For a 3-4 day trip, I would put the contents of my purse & a small empty soft purse inside the backpack. That let me condense a lot of stuff into the backpack for air travel rather than manage separate bags. But I’d have a smaller purse that was more convenient for going to restaurants when I was at the destination.

    Leave your big wallet at home. All I ever really needed for most travel was a form of ID, my debit card, one credit card, & enough cash for incidentals & tips. You can get more cash at the hotel/airport ATM, & you don’t need your Sam’s card/library card, etc. $40 to $50 should get you from your home airport to the hotel (even if you have to pay for a taxi), just make sure you have some ones & fives for tips. I have a men’s trifold pocket wallet that I use when I travel, & it holds everything I need.

    I could pack all my clothes, shoes & toiletries into one rolling carry-on. If it didn’t fit in the small overhead bin, the gate agent or flight attendant would tag it & it would get stowed on the plane at the gate. I would pick it up at the gate when the flight landed. That way, there was no worry about it getting put on the wrong plane & lost.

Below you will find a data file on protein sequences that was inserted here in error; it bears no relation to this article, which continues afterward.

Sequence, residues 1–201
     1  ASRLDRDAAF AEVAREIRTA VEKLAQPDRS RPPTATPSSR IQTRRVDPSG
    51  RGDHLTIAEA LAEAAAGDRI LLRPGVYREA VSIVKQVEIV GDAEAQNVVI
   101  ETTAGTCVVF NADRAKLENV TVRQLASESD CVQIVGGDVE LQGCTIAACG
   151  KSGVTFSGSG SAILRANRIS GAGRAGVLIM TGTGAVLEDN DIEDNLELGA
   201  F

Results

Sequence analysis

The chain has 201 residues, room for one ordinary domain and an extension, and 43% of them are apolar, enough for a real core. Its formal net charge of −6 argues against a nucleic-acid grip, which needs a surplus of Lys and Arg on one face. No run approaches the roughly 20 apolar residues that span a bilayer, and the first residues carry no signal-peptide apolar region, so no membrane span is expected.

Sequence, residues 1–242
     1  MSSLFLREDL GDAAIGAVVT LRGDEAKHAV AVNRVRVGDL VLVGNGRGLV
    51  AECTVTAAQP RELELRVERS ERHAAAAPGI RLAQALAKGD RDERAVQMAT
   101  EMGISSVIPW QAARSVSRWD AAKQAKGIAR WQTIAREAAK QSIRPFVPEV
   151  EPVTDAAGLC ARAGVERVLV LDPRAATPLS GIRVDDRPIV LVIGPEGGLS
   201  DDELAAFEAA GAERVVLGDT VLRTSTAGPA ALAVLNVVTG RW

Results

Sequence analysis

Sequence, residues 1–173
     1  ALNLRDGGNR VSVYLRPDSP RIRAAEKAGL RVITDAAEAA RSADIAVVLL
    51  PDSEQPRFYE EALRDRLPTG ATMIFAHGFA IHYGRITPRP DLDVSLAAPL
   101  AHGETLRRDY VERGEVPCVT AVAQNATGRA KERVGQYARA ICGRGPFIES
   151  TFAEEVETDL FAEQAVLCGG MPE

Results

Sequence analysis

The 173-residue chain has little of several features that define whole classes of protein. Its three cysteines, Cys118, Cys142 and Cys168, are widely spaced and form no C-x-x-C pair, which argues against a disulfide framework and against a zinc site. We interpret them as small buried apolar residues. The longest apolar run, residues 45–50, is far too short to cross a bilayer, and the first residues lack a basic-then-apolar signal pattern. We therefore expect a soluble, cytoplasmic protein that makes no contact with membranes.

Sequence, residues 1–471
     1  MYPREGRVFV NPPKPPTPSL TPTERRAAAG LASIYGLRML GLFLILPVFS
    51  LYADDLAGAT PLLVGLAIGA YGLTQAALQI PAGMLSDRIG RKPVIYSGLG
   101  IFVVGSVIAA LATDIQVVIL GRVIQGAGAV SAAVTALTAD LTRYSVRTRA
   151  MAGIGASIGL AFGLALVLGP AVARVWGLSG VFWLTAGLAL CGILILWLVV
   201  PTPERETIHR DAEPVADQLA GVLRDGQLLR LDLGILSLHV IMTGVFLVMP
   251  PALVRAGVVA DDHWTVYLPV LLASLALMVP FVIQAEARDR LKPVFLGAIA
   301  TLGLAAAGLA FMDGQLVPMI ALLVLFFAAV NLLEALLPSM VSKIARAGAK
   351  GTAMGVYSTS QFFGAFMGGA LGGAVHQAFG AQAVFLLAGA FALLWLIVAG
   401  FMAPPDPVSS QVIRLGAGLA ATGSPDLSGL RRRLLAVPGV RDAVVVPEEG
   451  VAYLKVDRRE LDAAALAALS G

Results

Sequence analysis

You’ll have to take your shoes off when you go through security, so consider slip ons. I wear crocs when I fly. They are comfortable, offer me good support, & are easy to take off & put back on.

    Laptops, electronics & toiletries have to be removed from your carry-on bags at security for screening, & there are strict limits on the size of liquids you can carry. Check your airport website for details, & put your liquids bag someplace easy to get to (not buried in the bottom of your carryon). Consider leaving your shampoo, conditioner & lotion at home, most hotels provide those free of charge.

    For tall &/or plus size travelers like me, try to get an aisle seat. It gives you more shoulder room & you can stretch your legs in the aisle. Most seat arms raise which is more comfy for those of us with a little extra padding in the hips. If the seat belt is too tight, just ask for an extender.

    Most nice hotels have some kind of airport shuttle, often free. Check out the hotel website to see when it runs, if there’s a charge, etc. I always give the driver a tip, usually $3 to $5. You may have to call for a ride when you land. There is usually a kiosk somewhere in the baggage claim area with hotel shuttle info. Just in case, keep the hotel’s phone number handy. Sometimes airport signage is less than ideal.

    Have fun!